Good Bread: Silver Bell Bakery

Good Bread

Stories about the loaves we love.


[Photos: Andrew Coe}

The Central European culinary tradition in New York is on the ropes. Sure, we have a few good Austrian restaurants, and nouveau beer halls have started popping up. But the people who supply the raw materials, the smoky cured meats and dense breads, are fast disappearing. There's only one old-time bakery left that still makes dark, sour German and Lithuanian ryes in the city. It hides in a corner of Corona, Queens, surrounded by taquerias and Ecuadorian eateries. One of the Silver Bell Bakery's customers is so addicted that every week he drives 10 hours round-trip from Saratoga Springs just to get his bread. By the end of the summer, Silver Bell is going to move out to the suburbs, following its customer base. So get it while you can.


Silver Bell Bakery was opened back in 1882 in Williamsburg by "Pop" Bachunas, a young immigrant from Lithuania. He became known for his light and dark Lithuanian breadsmade using "sour," a kind of sourdough leavening imported from the old country. The breads baked at Silver Bell today are still made from descendants of that sour. In 1970, Pop Bachunas's grandson moved the bakery out to its current building on the border between Corona and Elmhurst, where there still was a large Central European population. Today the bakery is run by Albert Radziunas, great-grandson of the founder. Although the walk-in trade has almost dried up at the store, he still does good business selling wholesale to ethnic markets and mail order to customers all around the country.


Rye bread, made from Pop Bachunas's recipe, is the glory of the Silver Bell Bakery. The loaves come with paper "Silver Bell" tags baked onto the crust, sort of like a cattle brand. Their sizes range from little one-pound loaves to big 12-pounders that you could use as spare tires on your Smart Car. Both the light and dark ryes have glossy, chewy crusts and dense crumb with a lovely mouthfeel. These are not yeasty loaves; their flavor comes from the faint sour tang behind the rye flavor. They're equally good with butter and jam or as a base for a thick smear of liverwurst. Some of the dark ryes are baked on cornmeal, with more meal sprinkled on the top for added crunch and flavor. For the health conscious, Silver Bell also makes a delicious whole grain rye, like German health bread with sunflower seeds, oat and wheat bran, and so on. (One bread you can't find there is the deli-style caraway seed rye that's been so debased by big commercial bakeries.)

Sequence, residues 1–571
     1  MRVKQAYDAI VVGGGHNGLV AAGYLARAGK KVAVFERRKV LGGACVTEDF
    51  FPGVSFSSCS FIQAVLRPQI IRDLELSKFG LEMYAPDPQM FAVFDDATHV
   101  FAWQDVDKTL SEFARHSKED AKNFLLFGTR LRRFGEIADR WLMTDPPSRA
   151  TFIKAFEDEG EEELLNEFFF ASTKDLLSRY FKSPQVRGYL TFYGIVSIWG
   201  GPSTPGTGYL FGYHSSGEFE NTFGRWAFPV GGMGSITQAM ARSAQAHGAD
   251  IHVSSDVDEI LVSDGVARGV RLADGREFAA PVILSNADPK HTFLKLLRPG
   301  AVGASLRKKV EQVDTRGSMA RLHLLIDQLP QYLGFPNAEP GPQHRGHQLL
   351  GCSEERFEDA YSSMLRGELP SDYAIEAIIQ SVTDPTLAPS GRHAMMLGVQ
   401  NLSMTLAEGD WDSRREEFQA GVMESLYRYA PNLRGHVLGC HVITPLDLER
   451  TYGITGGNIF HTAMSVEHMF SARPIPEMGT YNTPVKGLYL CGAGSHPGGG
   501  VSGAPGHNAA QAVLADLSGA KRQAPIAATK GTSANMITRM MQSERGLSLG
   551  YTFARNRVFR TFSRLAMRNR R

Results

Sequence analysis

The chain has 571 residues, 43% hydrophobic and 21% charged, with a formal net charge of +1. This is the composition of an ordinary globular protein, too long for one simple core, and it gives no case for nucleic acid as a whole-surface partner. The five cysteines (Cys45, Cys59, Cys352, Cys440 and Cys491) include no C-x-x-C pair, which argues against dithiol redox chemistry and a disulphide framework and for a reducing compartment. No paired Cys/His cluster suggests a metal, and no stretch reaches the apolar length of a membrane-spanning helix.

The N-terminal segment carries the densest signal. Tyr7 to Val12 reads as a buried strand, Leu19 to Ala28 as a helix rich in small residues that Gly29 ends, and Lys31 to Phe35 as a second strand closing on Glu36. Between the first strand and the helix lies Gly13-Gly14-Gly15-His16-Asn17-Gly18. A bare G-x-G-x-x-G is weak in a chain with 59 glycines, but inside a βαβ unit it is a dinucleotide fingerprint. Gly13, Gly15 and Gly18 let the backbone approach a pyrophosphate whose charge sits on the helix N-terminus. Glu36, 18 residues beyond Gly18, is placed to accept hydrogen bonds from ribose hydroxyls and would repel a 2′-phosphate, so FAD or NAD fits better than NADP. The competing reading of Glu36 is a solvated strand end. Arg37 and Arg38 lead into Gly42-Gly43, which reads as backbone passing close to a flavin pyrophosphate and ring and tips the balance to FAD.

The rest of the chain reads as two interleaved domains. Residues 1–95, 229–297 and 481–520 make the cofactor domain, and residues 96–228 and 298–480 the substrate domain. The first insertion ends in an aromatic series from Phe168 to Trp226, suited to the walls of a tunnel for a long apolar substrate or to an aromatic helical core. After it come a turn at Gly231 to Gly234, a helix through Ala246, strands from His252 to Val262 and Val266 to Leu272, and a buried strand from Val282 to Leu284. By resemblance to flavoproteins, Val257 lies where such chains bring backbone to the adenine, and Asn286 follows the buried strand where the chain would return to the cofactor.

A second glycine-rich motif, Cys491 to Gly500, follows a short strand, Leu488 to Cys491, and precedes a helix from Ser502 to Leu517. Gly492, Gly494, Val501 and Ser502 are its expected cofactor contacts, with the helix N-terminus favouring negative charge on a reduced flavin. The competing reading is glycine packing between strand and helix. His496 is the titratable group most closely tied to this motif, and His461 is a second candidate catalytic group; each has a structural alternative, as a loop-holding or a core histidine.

With the German and Lithuanian markets shrinking, Silver Bell has expanded its customer base by making artisan breads, including pecan-raisin and cranberry-raisin loaves and "superseed" health baguettes. Behind the modern recipes, however, you can still taste the tang of Pop Bachunas's sour. It also has expanded into the Eastern European market by developing Xleb Babuni, or "grandmother's bread," a Polish style rye popular in Greenpoint, as well as a Russian farmer's rye that's sold in Brighton Beach.


Silver Bell is known for its bread, but its ovens also churn out sweet breads that are sold under its Albie's label. Most of these are babkas, rugelach, and poppy seed or almond rolls. But for Easter, the bakers make a traditional cake that the ladies behind the counter call a "high babka." My mother was the daughter of Russian immigrants, so we call this Easter bread "kulich." It's made from a sweet, egg-based dough that's baked in a big old tin can (coffee cans are the best), so it comes out tall and bulgy at the top. Anthropologists have pointed out the connection between the bread's phallic shape and Spring fertility rituals. As a kind of modest covering for the bread, Eastern Europeans top it with white icing, sprinkles, jelly beans, Easter eggs and the like. Sweet old babushkas like to nibble on it between sips of tea.

For the next few months, you can still buy Silver Bell breads at its Corona store. After it moves, they still will be sold at area markets, including the East Village Meat Market (139 2nd Avenue), the Hungarian Meat Market (1560 2nd Avenue), and in many ethnic food stores in Greenpoint and Brighton Beach.

Silver Bell Bakery

43-04 Junction Boulevard, Corona NY 11368 (map) 718-335-9539